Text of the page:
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Our Babies, Ourselves

When I first saw the cover of November 28 New York Times Magazine, I was eager to read Alex Kuczynski’s story about having a child via surrogate—not so much because I am especially interested in infertility, but because Kuczynski is a writer I love to hate. I was pretty sure that her first-person narrative was going to give me plenty of fuel for my antipathy.

I was pretty much right, but, after a couple of pages, though, I thought to myself, “This is only going to make you crazy and filled with spite, and then you are going to feel guilty and conflicted about the spite because you don’t actually know what it’s like to want a baby and not be able to have one, and that’s just no fun at all.” (I still have not processed all my thoughts and more instinctive reactions to Sarah Palin; indeed, I doubt that any feminist has, and I believe that there could be a whole women’s studies conference devoted to collectively navigating that cognitive and emotional thicket). So, I closed the magazine, but not before I looked at all the photos, which were—as has been noted by the Public Editor and others—outrageous.

I did read the letters to the editor in the latest issue of the magazine, of which there were many. I found this one to be the most interesting, as it raised some substantive, philosophical issues that hadn’t been addressed elsewhere:

In words that echo Aristotle’s view that a woman is a receptacle for the life force implanted by a man through intercourse, the author refers to Cathy Hilling as “the woman who carried our child” and explains, “Strictly speaking, she was a vessel, the carrier, the biological baby sitter, for my baby.” The title of the article, “Her Body, My Baby,” engages in the same obliterating action, with the author as the stand-in life-force impregnator, situated outside the nine-month process of creating a child but claiming responsibility for and complete ownership of the result. And Kuczynski perceives Cathy as participating in this reduction of her role when she likens herself to an Easy-Bake oven.

That simplistic formulation of so-called gestational surrogacy (“organ rental,” per Kuczynski) may have helped two strangers leap over chasms they couldn’t have traversed otherwise. But it is a shortcut that relies on denigrating concepts, concepts that have historically led to inhumane treatment. As infertility and intervention increasingly muddy the meaning of the word “mother,” we must traverse that terrain and not take shortcuts.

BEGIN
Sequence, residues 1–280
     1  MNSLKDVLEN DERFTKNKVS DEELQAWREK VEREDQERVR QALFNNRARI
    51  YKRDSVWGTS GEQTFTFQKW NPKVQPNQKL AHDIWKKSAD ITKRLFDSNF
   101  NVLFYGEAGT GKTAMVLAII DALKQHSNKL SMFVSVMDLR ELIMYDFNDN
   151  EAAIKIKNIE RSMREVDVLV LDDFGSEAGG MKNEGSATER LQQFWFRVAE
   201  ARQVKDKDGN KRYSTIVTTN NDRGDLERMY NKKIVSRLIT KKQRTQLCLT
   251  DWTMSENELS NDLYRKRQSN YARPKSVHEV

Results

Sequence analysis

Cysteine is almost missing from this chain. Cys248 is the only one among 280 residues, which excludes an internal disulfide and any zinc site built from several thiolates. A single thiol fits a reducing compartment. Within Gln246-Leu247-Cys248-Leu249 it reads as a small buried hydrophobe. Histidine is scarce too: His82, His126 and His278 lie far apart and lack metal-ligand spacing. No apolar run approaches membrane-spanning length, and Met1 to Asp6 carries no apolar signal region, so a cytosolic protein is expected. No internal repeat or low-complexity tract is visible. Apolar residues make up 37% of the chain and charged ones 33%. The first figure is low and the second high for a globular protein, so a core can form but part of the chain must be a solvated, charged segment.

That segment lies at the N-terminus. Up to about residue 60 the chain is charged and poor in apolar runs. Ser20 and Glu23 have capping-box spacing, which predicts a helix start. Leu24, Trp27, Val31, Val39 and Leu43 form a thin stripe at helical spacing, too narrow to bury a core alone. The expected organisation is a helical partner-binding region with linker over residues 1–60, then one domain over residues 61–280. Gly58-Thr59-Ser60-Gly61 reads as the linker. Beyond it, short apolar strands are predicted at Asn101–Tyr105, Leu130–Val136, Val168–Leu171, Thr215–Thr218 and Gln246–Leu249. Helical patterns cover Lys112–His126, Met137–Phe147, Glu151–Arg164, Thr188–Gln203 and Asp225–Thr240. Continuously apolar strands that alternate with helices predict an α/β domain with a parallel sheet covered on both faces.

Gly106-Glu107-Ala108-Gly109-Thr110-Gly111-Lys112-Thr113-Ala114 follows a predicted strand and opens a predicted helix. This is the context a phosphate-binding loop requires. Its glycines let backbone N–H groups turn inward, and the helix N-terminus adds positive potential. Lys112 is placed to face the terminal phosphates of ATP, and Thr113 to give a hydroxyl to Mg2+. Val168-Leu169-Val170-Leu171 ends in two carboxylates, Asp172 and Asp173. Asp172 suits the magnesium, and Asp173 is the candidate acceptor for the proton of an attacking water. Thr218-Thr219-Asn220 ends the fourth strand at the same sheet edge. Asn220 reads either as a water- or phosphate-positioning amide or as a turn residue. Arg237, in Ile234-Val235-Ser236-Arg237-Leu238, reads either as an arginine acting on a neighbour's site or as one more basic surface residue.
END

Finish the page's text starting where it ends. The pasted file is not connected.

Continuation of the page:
A woman’s body and the growing being inside her participate in an astounding symphony for about 40 weeks to build from egg and sperm a human that can survive outside the woman’s body. The woman’s feelings, thoughts, meals and actions influence that symphony, helping create what the growing being experiences at every moment. Yet Kuczynski literally reduces Cathy’s whole self to her uterus. This is a disturbing denigration of a beautiful, astoundingly complex phenomenon that builds life and that bonds most living beings and their offspring for life.

Wyncote, Pa.

After reading this, I wondered what my favorite fertility-challenged blogger would have to say about Kuczynski’s article, and I was surprised—and somewhat chastened—by what I found. It was salutary to be reminded that, while Kuczynski’s wealth made it possible to afford 11 IVF cycles, it probably didn’t do anything to relieve the pain she experienced when those attempts to become pregnant failed. And I know that money didn’t help her overcome the grief of 4 miscarriages. I thought about this, and I also thought about the most elegant line from that very wise letter I quoted above: “As infertility and intervention increasingly muddy the meaning of the word ‘mother,’ we must traverse that terrain and not take shortcuts.” My dislike for Kuczynski—which is, if I’m honest about it, mostly sour grapes—allowed me to take a shortcut through her story. It allowed me to dehumanize her, to ignore her very real pain and the complexity of her situation—a situation I have never had to confront. I like to think that I’m better than that, and it’s good to be reminded that I should be.

December 17, 2008 | Permalink